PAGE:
Seeking to capitalise on its financial clout, the BCCI is set to demand a greater share of the profit from the revenues generated by the International Cricket Council (ICC).
According to sources, Board of Control for Cricket in president N Srinivasan met Cricket Australia chairman Walter Edwards in Singapore last week to discuss about the profit-sharing model between the member nations of the ICC.
The meeting took place at the same time when the eight franchises of the Indian Premier League were engaged in a brain-storming two-day workshop in Singapore.
"Srinivasan met the CA top boss and discussed India's concerns about what he thought should be the profit-sharing model. The moot point of discussion was that India generates close to 75 percent of the income for the parent body. Therefore, we are well within our rights to demand a greater share of profit," a BCCI official in the know of things said on Monday.
ICC's profit-sharing model is as follows: 75 percent of the profits is equally divided among full member nations like India, Australia, Sri Lanka, England, Pakistan, New Zealand, West Indies, South Africa and Zimbabwe while the remaining 25 percent is distributed among the associate members.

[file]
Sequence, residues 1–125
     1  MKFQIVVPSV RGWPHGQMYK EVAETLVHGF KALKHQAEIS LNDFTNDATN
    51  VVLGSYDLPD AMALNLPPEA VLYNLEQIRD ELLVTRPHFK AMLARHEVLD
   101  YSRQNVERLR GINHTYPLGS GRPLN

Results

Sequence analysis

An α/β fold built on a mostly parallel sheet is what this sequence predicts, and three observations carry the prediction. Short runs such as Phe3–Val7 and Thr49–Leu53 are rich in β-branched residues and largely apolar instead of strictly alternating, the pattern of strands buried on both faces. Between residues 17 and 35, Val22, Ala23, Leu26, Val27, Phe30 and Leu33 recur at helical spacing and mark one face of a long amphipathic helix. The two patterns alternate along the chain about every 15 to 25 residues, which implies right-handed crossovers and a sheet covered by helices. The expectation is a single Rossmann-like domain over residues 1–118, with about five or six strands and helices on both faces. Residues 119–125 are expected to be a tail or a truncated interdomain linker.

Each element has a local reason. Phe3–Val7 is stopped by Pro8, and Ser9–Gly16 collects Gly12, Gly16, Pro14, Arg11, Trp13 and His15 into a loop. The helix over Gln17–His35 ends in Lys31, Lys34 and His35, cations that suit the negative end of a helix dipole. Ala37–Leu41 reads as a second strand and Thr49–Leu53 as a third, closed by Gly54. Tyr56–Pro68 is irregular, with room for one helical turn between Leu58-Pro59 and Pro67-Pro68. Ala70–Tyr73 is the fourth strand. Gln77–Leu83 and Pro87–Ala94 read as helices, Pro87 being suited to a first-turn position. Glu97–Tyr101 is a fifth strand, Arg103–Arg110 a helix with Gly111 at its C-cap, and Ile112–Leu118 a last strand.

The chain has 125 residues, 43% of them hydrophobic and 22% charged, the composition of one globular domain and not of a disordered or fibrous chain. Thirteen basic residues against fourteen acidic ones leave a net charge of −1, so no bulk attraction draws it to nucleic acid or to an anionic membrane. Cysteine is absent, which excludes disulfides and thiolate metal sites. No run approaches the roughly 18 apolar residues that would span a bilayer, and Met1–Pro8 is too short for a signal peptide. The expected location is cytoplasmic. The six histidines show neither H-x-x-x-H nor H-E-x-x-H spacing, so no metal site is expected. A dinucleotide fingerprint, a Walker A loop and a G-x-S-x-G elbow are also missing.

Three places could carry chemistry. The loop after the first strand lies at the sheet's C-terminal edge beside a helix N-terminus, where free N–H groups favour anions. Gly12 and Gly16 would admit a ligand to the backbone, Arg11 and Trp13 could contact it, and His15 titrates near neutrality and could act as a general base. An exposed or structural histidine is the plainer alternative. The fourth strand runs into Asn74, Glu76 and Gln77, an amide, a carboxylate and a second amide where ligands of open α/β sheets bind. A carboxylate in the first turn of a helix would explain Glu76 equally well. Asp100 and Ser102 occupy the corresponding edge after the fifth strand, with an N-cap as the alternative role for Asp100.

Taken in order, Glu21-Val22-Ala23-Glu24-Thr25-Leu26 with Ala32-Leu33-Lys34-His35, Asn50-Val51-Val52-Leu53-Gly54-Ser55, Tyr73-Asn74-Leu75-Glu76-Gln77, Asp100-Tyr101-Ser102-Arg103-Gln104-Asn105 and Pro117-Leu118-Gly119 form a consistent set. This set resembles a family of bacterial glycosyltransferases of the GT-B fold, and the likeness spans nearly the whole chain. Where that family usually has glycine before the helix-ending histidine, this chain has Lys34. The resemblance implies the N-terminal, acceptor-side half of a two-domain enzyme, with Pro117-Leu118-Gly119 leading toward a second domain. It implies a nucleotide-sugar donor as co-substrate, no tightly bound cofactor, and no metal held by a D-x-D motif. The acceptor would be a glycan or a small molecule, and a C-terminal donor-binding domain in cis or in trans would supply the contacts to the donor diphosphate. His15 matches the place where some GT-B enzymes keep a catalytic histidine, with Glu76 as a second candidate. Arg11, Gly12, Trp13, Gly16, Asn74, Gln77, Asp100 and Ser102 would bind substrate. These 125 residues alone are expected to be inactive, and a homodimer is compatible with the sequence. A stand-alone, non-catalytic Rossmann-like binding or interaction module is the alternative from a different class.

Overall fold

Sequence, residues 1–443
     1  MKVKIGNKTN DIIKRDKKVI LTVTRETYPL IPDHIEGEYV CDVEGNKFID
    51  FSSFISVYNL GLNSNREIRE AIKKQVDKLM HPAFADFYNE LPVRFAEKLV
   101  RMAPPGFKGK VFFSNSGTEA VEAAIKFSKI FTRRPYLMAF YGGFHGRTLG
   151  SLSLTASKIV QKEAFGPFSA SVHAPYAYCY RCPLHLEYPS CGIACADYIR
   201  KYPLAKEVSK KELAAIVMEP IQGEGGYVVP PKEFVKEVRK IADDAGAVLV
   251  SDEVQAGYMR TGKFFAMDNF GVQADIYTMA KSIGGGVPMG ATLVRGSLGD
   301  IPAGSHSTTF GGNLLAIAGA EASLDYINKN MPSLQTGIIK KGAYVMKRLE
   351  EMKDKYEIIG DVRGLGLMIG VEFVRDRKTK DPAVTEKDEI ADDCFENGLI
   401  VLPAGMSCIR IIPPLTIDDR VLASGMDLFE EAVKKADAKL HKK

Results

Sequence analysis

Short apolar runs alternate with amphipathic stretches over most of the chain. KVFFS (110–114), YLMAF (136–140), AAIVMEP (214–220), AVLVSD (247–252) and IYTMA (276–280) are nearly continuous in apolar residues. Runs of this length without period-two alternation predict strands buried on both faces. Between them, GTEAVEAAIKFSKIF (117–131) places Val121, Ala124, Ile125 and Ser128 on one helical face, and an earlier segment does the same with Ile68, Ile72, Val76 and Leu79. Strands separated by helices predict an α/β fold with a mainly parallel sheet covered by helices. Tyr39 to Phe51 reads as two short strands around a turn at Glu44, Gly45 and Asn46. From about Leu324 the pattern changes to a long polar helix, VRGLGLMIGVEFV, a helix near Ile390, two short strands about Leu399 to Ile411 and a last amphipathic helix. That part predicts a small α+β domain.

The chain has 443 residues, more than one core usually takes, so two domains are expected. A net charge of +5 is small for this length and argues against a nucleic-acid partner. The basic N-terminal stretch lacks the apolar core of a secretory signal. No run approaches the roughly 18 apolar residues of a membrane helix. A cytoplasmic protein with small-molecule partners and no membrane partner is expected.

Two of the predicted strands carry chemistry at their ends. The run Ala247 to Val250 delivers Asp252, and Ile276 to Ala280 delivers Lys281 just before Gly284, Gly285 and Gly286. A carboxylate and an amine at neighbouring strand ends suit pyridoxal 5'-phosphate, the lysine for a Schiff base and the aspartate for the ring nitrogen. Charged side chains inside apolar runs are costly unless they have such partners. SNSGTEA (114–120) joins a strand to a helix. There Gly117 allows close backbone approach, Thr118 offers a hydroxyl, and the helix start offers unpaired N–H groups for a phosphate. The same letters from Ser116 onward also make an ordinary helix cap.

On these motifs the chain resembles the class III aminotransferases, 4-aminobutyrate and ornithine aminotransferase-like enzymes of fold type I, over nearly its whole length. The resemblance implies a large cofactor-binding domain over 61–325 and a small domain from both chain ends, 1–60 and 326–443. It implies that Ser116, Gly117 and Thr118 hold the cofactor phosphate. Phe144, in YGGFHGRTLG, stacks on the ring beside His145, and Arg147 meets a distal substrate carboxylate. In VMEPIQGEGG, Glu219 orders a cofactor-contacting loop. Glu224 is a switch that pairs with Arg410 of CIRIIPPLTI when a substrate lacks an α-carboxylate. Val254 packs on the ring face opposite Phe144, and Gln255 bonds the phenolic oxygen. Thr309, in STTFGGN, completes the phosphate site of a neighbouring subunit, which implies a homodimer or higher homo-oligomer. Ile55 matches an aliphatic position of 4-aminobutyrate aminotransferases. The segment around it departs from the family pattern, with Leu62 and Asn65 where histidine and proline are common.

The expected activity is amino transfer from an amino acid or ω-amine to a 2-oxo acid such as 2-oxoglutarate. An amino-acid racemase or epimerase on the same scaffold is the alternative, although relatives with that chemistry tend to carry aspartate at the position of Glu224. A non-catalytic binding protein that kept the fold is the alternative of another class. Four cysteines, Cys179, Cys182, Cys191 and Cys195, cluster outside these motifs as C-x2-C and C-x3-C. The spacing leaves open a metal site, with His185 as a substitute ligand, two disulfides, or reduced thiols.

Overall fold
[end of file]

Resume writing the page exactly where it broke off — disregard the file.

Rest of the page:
It is learnt that members of BCCI's affiliated units are unanimous in their stand with the president on this issue.
In fact, at the ICC's Financial and Commercial Affairs Committee meeting, the revenue-sharing model will come up for discussion and BCCI is likely to get more than equal share of the profit generated when the new commercial model is put in place for the five years between 2015-2020.
But for that the BCCI will need to wait till the end of the 2015 ICC World Cup in Australia and New Zealand when the existing commercial contracts expire.
Meanwhile, it has been decided that all IPL franchises will pay their players (including foreign players) in Indian Rupees (INR) instead of US dollars which has been the norm during the six previous editions.
The cap for 'Player Retention' is likely to increase from four to five while the highest amount for retaining a player would be around Rs 12 crore.
A concept called "right to match" is also going to be introduced during this year's auction where an existing franchise can veto the sale of a player currently in their squad.
The franchises will be given a specific number of cards known as 'Joker Cards' which will be used to veto the sale of a player to other franchise provided the old franchise has enough money after retention.